Demaree, who studies emotions and how they affect decision-making
, set out to further understand how a person's current emotional state predicts risk-taking behavior. Past research has revealed that positive and negative emotional states generally decrease and increase risk-taking, respectively.
Profiling of killers has no real-world value, wastes police time and risks bringing the profession into disrepute, experts say.
Robbie Coltrane (right) in the TV series Cracker, in which he plays a behavioural psychologist.
Murder inquiries may be misled or delayed by psychologists who see themselves as real-life Crackers, researchers claim.
Police forces routinely ask behavioural scientists to draw up profiles of killers who are still at large, based on a knowledge of the victim and details recorded at the crime scene.
But according to a team of psychologists at Birmingham City University, the practice of offender profiling is deeply unscientific and risks bringing the field into disrepute.
In many cases, offender profiles are so vague as to be meaningless, according to psychologist Craig Jackson. At best, they have little impact on murder investigations; at worst they risk misleading investigators and waste police time, he said.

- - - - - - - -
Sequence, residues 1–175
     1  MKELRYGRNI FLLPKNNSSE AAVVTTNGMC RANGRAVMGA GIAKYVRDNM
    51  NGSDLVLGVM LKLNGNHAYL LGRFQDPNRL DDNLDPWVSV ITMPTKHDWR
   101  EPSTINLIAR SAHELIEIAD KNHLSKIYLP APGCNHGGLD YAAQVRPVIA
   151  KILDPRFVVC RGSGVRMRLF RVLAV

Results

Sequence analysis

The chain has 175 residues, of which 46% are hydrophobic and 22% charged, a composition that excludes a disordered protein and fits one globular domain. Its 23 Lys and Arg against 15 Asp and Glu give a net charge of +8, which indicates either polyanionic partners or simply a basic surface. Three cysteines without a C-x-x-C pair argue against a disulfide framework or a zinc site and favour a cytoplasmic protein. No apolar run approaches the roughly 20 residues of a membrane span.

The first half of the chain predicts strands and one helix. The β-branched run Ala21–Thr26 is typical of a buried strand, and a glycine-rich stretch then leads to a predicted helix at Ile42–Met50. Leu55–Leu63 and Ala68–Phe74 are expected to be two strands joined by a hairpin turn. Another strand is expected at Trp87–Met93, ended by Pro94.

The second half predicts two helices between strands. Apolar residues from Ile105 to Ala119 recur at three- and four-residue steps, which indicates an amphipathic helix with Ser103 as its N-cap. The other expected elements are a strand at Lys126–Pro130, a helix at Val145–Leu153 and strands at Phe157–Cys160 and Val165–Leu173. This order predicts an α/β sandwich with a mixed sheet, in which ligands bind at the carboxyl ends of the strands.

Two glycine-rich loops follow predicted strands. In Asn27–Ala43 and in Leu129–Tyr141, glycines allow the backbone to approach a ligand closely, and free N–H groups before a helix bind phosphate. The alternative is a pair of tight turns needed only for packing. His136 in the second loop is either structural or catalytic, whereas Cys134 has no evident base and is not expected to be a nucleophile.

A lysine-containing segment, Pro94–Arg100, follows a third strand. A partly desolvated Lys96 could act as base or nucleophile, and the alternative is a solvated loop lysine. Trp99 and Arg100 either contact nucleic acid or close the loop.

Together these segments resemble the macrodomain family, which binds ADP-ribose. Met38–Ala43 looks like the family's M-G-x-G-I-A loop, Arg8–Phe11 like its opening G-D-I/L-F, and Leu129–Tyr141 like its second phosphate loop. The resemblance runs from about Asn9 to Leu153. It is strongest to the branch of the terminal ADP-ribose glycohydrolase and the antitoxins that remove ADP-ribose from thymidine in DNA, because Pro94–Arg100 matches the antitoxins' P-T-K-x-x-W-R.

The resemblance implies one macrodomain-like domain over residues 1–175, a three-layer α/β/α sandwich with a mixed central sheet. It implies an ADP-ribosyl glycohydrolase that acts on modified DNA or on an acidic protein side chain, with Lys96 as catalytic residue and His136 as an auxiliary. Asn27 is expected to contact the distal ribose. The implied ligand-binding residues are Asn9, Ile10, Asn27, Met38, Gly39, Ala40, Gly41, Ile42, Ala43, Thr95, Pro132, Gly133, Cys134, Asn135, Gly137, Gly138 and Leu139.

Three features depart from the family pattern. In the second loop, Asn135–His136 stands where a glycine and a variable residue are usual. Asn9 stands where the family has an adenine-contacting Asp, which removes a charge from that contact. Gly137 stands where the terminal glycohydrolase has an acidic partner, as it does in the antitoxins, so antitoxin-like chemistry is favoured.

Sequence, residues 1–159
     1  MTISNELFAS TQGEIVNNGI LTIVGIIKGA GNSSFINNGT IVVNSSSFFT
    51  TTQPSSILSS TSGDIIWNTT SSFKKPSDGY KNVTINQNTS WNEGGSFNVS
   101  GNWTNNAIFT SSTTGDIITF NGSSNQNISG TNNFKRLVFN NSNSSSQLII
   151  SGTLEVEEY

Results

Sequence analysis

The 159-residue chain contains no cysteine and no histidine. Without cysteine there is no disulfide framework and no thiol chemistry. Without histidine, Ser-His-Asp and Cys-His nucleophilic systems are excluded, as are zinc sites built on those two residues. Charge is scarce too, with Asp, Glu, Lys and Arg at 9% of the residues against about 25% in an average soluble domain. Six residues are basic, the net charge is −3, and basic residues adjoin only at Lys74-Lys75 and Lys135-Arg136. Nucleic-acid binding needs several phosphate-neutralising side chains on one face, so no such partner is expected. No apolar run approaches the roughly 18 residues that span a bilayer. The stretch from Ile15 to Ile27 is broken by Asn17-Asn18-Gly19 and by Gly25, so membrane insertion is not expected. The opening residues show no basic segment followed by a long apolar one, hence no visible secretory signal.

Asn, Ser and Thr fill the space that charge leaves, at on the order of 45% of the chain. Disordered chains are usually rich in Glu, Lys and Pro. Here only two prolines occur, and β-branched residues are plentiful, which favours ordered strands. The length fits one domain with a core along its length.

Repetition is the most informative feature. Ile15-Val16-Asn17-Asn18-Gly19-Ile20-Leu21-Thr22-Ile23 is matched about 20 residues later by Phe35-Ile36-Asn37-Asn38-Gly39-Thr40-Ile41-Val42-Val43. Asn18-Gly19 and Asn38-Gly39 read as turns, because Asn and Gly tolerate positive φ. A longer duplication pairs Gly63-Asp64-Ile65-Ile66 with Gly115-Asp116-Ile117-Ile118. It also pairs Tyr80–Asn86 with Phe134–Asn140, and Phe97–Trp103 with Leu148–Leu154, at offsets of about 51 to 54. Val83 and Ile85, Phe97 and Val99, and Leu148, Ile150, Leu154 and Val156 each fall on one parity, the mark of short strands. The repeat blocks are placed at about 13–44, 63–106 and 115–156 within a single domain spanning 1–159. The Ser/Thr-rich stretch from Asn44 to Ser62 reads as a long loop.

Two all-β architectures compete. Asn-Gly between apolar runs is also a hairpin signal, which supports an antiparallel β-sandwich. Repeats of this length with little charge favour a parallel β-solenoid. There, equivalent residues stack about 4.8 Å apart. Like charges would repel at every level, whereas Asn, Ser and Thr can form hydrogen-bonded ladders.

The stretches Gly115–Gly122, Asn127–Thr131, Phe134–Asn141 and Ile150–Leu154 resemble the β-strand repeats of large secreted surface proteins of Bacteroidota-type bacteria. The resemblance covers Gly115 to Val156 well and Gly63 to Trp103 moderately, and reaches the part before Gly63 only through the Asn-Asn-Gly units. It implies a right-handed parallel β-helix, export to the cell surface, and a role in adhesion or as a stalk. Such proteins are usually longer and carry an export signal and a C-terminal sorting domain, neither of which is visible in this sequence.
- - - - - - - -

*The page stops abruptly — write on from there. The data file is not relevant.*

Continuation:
The Home Office holds a register of psychologists and other professionals who are qualified to give offender profiles to police forces after reviewing details of a crime.
I watched in horror as a little boy of about five was whacked - hard - across his face on the subway. His mother began to berate him, calling him names ("retard" was one of the ones I remember), ridiculing him. He didn't cry. He just stared straight ahead, as if he wasn't in his body.
I desperately wanted to do something, but there was only a subway worker in uniform and me on the train and she just looked the other way. Plus, it looked like the mother had some kind of weapon stuck in the top of her jeans.
At the next stop, I got off and asked another woman what to do. She, too, told me it's not a crime to smack your kid. But this mother didn't just "smack" him. She put all her force into the blow. I knew I couldn't identify her (I mainly looked at the little boy and then turned away in case I would incite her anger against him.) I didn't know what else to do. I felt defeated.
This was quite a while ago. But, if you live in New York, and you take public transportation, this is not all that unusual.